Attention, America: All of the fuss over the shooting of Michael Brown and the Keystone Stormtroopers police response is now taken care of, because Ferguson Police Chief Thomas Jackson is real sorry that he and his police department were a bunch of useless (but murdery!) jerks, and has issued a video apology to Brown’s parents and Ferguson’s black community, at least the well-behaved segment of it. Let’s watch the video and see if there’s anything Jackson leaves out!
Hmmmm… it almost feels like he’s missing something in that apology, somehow.
CNN reports that Jackson had sought to give a “heartfelt apology,” and, incidentally, the network will be interviewing him later today, you lucky viewers.
Jackson began the apology with a brief acknowledgement that six weeks ago, he found himself in over his head, with no one to smack him and tell him “Shut up, Tommy, you’re out of your element.”
Overnight I went from being a small-town police chief to being part of a conversation about racism, equality and the role of policing in that conversation. As chief of police, I want to be part of that conversation. I also want to be part of the solution.
To Brown’s family, Jackson said,
I’m truly sorry for the loss of your son. I’m also sorry that it took so long to remove Michael from the street. The time that it took involved very important work on the part of investigators, who were trying to collect evidence and gain a true picture of what happened that day, but it was just too long, and I’m truly sorry for that. Please know that the investigating officers meant no disrespect to the Brown family, to the African-American community or the people of Canfield (the apartment complex where Brown was shot). They were simply trying to do their jobs.
Jackson didn’t indicate whether four hours in the August sun was typical of his department’s peak efficiency, or a special weekend rate of evidence collection in poor neighborhoods. He also was very very sorry that his department came down on peaceful protesters like a million-pound shithammer, which was maybe a mistake in retrospect, but who knows? He noted that most of the protesters in Ferguson were peaceful, but that some among them “had a different agenda.” But he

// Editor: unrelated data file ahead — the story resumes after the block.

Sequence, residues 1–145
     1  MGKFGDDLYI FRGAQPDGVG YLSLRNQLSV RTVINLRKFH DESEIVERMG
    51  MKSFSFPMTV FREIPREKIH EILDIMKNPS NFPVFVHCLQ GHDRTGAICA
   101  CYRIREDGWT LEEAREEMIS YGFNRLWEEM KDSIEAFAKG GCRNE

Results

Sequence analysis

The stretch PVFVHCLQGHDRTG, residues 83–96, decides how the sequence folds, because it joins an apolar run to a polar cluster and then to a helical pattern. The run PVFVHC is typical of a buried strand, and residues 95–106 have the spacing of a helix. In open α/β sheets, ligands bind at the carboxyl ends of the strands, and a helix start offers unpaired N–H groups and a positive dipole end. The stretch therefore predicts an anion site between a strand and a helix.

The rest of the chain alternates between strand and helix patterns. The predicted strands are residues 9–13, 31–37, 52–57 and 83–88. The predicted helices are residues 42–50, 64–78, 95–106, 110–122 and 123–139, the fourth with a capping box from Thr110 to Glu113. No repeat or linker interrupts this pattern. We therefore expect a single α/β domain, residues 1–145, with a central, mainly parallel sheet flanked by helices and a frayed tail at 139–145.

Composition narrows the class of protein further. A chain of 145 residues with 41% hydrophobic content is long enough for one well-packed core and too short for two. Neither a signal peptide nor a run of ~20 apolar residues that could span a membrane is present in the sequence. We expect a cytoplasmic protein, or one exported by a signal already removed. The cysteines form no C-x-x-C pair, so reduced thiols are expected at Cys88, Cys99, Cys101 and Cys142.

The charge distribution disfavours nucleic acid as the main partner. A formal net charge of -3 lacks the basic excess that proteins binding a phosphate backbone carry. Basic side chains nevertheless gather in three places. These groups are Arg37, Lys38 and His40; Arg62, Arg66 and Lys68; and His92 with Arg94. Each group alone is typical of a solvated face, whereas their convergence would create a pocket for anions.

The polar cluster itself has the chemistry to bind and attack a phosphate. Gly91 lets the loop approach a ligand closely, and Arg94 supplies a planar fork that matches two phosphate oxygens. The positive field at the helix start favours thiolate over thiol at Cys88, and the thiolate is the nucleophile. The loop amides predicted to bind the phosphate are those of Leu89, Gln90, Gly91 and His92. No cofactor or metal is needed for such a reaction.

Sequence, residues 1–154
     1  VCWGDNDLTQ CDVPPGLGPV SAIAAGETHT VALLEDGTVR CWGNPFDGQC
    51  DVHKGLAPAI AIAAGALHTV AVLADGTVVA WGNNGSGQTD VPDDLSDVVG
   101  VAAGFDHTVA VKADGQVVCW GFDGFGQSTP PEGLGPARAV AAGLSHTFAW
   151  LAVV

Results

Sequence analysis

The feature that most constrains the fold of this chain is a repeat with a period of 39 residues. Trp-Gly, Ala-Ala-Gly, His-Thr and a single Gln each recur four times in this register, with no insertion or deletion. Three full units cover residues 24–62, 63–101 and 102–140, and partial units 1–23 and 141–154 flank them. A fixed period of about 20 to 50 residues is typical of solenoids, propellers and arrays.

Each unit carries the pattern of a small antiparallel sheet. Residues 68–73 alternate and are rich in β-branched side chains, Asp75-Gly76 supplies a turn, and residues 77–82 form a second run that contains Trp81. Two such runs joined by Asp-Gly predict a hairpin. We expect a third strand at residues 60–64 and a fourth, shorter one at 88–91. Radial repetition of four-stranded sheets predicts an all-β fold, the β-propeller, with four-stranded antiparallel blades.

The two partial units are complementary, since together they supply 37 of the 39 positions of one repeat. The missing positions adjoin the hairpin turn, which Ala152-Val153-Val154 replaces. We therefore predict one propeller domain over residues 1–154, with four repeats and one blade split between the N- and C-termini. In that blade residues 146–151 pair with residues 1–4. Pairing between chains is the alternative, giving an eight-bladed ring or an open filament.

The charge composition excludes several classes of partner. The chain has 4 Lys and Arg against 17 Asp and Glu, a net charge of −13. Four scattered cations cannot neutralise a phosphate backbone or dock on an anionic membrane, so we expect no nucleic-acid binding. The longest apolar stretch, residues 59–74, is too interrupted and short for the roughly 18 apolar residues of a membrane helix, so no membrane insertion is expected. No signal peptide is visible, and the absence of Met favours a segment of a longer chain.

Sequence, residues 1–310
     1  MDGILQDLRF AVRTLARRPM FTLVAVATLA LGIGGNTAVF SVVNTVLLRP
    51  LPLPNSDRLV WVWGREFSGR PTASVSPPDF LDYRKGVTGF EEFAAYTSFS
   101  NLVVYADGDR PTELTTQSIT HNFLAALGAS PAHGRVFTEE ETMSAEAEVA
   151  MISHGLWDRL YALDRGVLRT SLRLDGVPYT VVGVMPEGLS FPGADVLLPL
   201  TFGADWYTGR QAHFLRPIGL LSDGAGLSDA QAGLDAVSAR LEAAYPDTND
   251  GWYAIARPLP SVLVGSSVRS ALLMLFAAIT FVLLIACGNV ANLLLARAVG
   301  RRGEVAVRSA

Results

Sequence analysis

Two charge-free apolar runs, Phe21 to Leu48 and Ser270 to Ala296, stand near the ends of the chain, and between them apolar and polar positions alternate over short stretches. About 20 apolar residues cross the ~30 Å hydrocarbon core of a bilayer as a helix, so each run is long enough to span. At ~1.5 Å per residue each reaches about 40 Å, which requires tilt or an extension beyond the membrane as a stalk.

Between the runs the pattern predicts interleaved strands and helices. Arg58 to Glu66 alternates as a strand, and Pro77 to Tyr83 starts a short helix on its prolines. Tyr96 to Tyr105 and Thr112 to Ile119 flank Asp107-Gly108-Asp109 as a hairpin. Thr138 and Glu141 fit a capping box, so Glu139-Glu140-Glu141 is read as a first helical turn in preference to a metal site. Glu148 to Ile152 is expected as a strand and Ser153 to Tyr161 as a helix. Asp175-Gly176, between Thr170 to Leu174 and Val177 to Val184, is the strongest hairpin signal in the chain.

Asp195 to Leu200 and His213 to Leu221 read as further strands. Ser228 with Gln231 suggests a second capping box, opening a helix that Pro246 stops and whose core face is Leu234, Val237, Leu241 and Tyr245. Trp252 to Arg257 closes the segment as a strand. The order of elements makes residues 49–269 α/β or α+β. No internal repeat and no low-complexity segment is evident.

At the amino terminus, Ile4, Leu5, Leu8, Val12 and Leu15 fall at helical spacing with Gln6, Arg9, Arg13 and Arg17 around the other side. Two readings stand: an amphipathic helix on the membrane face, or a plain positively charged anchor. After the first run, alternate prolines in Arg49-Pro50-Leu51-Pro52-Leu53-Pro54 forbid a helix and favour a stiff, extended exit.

did want to say “to any peaceful protesters who did not feel I did enough to protect their Constitutional right to protest” — you know, if there happen to be any — that he’s quite regretful indeed:
The right of the people to peacefully assemble is what the police are here to protect. If anyone who was peacefully exercising that right is upset and angry, I feel responsible and I’m sorry.
Jackson even acknowledged that Ferguson “has much work to do” to address African-American citizens’ grievances and mistrust toward the police department, if any.
As far as it goes, it’s not a bad apology — except that it doesn’t go nearly far enough. Yes, Jackson addresses some real concerns, even if at moments he edges toward “I’m sorry if anyone was offended.”
There’s just one teensy little thing missing from the apology, of course: Jackson completely leaves out any apology for what has to be his biggest, most deliberate fuckup: his utter mismanagement of communication, starting with the slow rate at which any information was released and culminating in his decision to pair his release of Officer Wilson’s name with the inflammatory release of a police report and video of Mike Brown stealing cigars — an event that Jackson also took forever to admit had nothing to do with Wilson’s shooting of Brown. That was what really set off the angriest protests, and somehow, it’s mentioned nowhere in Jackson’s nicely-managed apology. Maybe that was included under “any other mistakes.”